The Super Bowl XLIX in Arizona launched a zero-waste effort in 2015. In addition to waste from game day, community members repurposed textiles and recyclables from pre-game events and celebrations. Even kids got in on the action, donating 33,000 supplies to schools in the area. The all-in effort led to 73% of waste diverted from landfills.

Logan Ryan of the New England Patriots possibly celebrating the fact that this confetti won't end up in a landfill. Photo by Ezra Shaw/Getty Images.

And this isn't a one-and-done pursuit. Organizers hope to use their learnings to help other stadiums host zero-waste events.

Following the Super Bowl, best practices from the project will be shared widely with other event organizers, with the goal of hosting zero-waste events around the world, all year-round. And what better beta test than one of the biggest events of the year?

“What differentiates it from anything we’ve done in the past is the commitment to not just doing this for one day, but to work together to change the paradigm," Jack Groh, director of the NFL's environmental program told Fortune.

Waste bins separating recyclables, compost, and trash at the Summer X Games. Photo by Robyn Beck/AFP/Getty Images.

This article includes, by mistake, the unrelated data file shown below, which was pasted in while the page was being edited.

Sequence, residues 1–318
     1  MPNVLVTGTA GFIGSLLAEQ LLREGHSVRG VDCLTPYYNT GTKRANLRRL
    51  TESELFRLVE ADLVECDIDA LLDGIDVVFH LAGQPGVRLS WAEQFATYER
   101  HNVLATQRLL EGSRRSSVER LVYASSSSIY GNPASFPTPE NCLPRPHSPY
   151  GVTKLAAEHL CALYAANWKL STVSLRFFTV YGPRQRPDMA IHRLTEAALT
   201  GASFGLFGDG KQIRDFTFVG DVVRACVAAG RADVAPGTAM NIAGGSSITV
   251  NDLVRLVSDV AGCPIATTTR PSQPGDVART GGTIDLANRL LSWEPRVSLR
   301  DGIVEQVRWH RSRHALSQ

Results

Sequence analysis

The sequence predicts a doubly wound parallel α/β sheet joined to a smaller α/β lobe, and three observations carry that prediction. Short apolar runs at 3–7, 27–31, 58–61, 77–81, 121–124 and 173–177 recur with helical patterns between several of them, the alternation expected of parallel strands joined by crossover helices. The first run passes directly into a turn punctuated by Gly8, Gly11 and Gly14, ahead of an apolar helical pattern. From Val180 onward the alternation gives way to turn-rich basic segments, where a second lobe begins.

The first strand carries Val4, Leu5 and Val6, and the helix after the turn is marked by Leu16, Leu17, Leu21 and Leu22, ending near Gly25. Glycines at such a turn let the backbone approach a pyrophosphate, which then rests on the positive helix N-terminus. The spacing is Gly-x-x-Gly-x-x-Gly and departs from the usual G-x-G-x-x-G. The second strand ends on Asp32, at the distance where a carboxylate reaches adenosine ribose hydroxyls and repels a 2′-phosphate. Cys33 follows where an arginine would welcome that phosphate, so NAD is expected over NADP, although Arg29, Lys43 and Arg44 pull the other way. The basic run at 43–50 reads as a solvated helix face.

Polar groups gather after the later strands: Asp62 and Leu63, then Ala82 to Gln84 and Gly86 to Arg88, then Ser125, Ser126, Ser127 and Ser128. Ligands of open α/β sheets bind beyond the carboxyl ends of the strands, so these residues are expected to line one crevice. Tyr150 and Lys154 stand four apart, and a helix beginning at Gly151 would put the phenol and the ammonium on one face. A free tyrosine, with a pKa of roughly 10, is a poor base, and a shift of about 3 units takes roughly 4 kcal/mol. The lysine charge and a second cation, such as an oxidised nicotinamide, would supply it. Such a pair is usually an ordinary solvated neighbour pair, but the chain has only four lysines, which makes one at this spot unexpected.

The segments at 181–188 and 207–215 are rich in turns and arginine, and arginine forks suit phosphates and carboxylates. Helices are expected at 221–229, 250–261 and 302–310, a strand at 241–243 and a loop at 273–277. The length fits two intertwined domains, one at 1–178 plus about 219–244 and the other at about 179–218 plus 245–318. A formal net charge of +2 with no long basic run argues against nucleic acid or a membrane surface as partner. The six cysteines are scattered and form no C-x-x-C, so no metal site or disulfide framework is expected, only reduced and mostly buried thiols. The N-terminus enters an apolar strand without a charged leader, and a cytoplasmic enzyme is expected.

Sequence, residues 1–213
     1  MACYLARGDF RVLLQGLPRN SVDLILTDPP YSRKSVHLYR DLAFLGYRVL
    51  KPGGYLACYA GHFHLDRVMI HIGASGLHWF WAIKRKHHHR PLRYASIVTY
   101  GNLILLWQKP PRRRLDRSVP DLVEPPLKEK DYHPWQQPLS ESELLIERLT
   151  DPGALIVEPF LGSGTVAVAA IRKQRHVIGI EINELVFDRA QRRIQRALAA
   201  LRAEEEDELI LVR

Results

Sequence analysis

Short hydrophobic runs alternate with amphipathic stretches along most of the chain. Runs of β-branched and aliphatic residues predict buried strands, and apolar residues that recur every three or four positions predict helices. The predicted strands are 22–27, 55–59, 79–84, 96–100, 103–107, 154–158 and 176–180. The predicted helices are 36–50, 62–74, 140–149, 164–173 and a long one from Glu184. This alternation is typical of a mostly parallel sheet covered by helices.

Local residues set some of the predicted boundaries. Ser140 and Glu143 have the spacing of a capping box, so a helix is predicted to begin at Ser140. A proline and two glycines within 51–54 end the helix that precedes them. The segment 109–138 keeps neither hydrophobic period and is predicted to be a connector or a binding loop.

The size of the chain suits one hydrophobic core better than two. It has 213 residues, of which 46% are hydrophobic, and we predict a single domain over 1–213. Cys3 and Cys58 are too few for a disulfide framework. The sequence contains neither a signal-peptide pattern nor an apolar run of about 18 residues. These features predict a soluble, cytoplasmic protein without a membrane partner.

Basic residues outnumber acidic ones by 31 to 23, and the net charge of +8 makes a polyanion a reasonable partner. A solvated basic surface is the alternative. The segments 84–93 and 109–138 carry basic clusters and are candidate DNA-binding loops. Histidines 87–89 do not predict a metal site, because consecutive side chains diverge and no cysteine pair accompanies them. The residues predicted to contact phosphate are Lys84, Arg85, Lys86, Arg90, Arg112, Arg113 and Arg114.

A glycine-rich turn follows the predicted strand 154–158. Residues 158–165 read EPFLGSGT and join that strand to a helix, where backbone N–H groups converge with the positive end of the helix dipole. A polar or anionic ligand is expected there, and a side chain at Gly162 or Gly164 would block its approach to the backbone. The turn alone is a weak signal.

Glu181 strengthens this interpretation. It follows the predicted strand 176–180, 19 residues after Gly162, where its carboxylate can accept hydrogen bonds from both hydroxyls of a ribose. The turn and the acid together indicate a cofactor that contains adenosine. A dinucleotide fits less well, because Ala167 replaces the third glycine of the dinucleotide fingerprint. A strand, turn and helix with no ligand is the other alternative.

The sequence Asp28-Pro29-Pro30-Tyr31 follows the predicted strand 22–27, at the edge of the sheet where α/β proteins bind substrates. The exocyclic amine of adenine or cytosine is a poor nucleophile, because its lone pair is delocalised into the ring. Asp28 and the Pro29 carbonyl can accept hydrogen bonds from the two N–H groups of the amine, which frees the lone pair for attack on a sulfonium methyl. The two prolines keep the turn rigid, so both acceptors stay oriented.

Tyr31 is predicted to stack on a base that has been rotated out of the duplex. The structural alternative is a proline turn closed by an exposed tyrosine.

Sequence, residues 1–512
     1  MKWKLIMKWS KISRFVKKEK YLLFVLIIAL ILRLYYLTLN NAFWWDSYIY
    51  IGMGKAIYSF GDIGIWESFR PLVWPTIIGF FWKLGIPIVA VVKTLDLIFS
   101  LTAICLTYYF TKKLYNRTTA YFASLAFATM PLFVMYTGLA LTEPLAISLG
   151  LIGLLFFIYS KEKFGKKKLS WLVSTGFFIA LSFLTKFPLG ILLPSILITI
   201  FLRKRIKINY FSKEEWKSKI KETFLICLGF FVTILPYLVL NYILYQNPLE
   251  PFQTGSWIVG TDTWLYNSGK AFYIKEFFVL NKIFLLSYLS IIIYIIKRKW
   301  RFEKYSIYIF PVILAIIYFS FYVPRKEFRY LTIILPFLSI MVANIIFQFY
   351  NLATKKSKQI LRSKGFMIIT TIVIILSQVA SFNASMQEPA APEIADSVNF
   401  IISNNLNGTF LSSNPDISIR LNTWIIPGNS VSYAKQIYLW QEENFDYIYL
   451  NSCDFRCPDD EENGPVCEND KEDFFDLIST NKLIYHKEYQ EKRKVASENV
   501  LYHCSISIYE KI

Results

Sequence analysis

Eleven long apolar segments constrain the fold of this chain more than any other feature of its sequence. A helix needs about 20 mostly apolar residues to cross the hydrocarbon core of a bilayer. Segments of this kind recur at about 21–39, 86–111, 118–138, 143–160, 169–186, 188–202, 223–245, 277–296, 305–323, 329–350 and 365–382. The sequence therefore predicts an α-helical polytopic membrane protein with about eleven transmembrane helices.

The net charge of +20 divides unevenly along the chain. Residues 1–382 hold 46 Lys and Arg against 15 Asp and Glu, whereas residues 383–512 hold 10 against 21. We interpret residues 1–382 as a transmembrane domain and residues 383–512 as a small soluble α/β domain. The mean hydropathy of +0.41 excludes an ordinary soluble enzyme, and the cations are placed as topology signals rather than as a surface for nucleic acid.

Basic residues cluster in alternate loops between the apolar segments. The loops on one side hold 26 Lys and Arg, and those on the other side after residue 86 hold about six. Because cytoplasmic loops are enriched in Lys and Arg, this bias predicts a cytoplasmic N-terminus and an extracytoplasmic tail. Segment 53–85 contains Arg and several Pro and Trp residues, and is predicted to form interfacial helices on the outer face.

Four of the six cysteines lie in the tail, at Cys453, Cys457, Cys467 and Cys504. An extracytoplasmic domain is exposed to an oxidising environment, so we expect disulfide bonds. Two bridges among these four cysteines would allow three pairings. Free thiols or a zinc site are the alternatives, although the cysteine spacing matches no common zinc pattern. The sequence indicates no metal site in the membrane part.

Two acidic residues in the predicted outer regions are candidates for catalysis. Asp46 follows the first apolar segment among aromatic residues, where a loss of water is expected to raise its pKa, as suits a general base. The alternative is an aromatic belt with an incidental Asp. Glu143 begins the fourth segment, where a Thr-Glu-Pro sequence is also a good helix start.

No matter who wins the game, the MVP is always the planet.

Whether at home or at one of the biggest sporting events in the world, we can't take our eyes off what's important: having a safe, clean, healthy place to live for generations to come.

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Shopping sustainably is increasingly important given the severity of the climate crisis, but sometimes it's hard to know where to turn. Thankfully, Amazon is making it a little easier to browse thousands of products that have one or more of 19 sustainability certifications that help preserve the natural world.

The online retailer recently announced Climate Pledge Friendly, a program to make it easier for customers to discover and shop for more sustainable products. To determine the sustainability of a product, the program partnered with third-party certifications, including governmental agencies, nonprofits, and independent labs.